Tuesday, April 06, 2021
Mastercard is hardly perceived as a company supporting cash. In 2006, the company financed an advertising campaign in the UK boasting “Cash Stinks”. In a 2017 interview with Forbes, Banga declared “My enemy is cash, not an electronic payment. Eighty-five percent of the world’s retail payments are still in cash. Paypal and Mastercard and Visa are working only in that remaining 15%.” Mastercard is also a member of the Better Than Cash Alliance which claims that ‘Shifting these payments from cash to digital has the potential to improve the lives of people on low income, particularly women.”
In an October 2020 interview with TED journalist Whitney Pennington Rodgers, Banga discusses financial inclusion, the digital divide and the future of money. He argues that some of the advances made over the past decades in terms of the fight against poverty and exclusion have faced setbacks following the pandemic. Covid-19 has also increased inequality by impacting minorities and disadvantaged people more severely.
Banga also makes several interesting comments on the future of money.
First, Banga recognises that cash will not and more importantly should not go away. “I think cashless, actually, is something we are not going to get to, and we probably shouldn’t.” He rightly points out that there are people who rely on cash because they are unbanked or underbanked, because they are on the wrong side of the digital divide or because they lack a formal proof of identity. Even Sweden sees a need to guarantee access to cash to the most vulnerable. But there are also those who simply prefer to use cash. This group includes Banga’s late father.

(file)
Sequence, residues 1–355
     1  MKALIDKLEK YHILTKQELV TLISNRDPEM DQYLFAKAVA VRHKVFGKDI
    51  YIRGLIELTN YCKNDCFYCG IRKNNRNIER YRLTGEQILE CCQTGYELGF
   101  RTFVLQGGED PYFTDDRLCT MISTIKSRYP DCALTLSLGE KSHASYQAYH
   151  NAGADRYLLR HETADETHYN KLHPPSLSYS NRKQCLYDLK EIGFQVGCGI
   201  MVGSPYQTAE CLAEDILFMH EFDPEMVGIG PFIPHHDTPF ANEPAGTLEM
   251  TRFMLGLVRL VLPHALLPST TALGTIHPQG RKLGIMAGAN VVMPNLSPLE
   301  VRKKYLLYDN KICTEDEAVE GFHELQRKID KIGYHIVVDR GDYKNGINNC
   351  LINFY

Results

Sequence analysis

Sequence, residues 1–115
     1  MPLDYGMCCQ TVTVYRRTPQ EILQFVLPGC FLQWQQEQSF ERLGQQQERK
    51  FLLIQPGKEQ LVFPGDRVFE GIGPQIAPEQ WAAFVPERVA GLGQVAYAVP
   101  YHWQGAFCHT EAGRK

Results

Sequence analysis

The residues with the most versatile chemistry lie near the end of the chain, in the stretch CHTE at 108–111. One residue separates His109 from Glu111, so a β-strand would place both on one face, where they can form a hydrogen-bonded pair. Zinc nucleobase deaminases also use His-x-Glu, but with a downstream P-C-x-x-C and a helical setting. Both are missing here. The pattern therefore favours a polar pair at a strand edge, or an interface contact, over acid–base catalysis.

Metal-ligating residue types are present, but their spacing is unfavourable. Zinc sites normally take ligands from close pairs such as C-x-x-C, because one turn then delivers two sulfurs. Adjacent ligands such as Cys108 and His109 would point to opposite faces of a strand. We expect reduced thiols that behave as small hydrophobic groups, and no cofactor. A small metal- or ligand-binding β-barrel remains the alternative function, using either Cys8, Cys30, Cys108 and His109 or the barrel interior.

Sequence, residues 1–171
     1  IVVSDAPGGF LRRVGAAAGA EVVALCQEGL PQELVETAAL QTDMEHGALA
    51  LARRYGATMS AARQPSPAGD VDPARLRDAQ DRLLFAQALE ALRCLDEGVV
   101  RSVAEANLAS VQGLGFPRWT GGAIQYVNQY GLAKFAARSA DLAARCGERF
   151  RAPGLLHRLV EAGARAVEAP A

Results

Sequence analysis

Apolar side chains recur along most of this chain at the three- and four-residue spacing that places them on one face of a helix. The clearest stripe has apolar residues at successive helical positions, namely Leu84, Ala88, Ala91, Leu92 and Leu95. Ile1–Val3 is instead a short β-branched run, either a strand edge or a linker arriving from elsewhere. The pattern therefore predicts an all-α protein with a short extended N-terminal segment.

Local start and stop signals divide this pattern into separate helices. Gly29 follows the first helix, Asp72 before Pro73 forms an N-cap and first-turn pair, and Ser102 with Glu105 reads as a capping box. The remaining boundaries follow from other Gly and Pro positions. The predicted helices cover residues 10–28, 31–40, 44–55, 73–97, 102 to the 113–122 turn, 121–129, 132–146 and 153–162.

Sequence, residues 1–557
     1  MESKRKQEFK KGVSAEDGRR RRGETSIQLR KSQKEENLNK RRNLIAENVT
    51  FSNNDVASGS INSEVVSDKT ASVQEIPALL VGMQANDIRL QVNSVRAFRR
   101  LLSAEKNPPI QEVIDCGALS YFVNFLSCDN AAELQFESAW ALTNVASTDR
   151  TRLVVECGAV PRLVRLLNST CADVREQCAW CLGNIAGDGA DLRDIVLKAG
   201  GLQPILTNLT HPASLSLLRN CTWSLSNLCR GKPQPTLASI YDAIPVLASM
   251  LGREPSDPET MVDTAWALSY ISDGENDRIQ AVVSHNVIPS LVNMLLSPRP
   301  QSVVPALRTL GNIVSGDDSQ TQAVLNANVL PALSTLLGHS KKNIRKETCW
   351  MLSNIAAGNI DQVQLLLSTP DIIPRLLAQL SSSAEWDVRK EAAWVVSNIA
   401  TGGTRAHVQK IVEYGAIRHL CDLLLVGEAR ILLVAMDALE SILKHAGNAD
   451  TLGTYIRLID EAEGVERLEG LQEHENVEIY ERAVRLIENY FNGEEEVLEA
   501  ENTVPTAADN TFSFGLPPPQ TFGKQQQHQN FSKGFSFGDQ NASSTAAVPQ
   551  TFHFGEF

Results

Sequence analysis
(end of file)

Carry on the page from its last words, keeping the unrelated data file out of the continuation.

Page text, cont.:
Secondly, he still believes in reducing the share of cash in the economy. “Reducing cash in the economy is to me a good objective. Taking it to zero? I’m not there.” This is misleading and contradictory. It is misleading because the argument that less cash leads to more transparency and less tax evasion has generated abundant economic debate (Rogoff, Zagorsky, Seitz, Schneider) without any evidence that cash drives the shadow economy. It is contradictory because if digital money is better than cash, then there should be no need for policy measures or commercial incentives to reduce cash usage. The substitution would occur naturally. It isn’t.
Thirdly, the issue of cost of cash in society is put forward as an argument to reduce the relative role of cash in the economy. “One to two percent of GDP.” Says Banga. This is simply wrong. A number of central bank studies have looked into the social costs which vary from 0.12% of GDP in Finland to 0.58% in Belgium. A 2019 Deutsche Bundesbank study found that the average cash payment costs €0.24 vs €0.33 for a girocard and €0.97 for a credit card. A separate academic study found that across 52 countries, the average cash transaction costed $0.54 vs $1.52 for a debit card transaction. One study finds that the aggregate cost of cash in the US amounted to $200 billion (or 1.2% of GDP). Half of the costs are attributed to lost tax income.
Fourthly, Banga raises the issue of access to cash when the traditional distribution infrastructure, including ATMS and bank branches, is shrinking. He rightly points out that cashback – a service whereby the customer pays electronically a higher amount to a retailer than the value of the purchase for goods and/or services and receives the difference in cash – could provide a solution. Card schemes could in this case become part of the solution as cashback requires a fair business model to work. Retailers should be compensated for the service they provide rather than pay a commission to card schemes. Initiatives have been welcomed in some countries, but it is high time they be extended globally.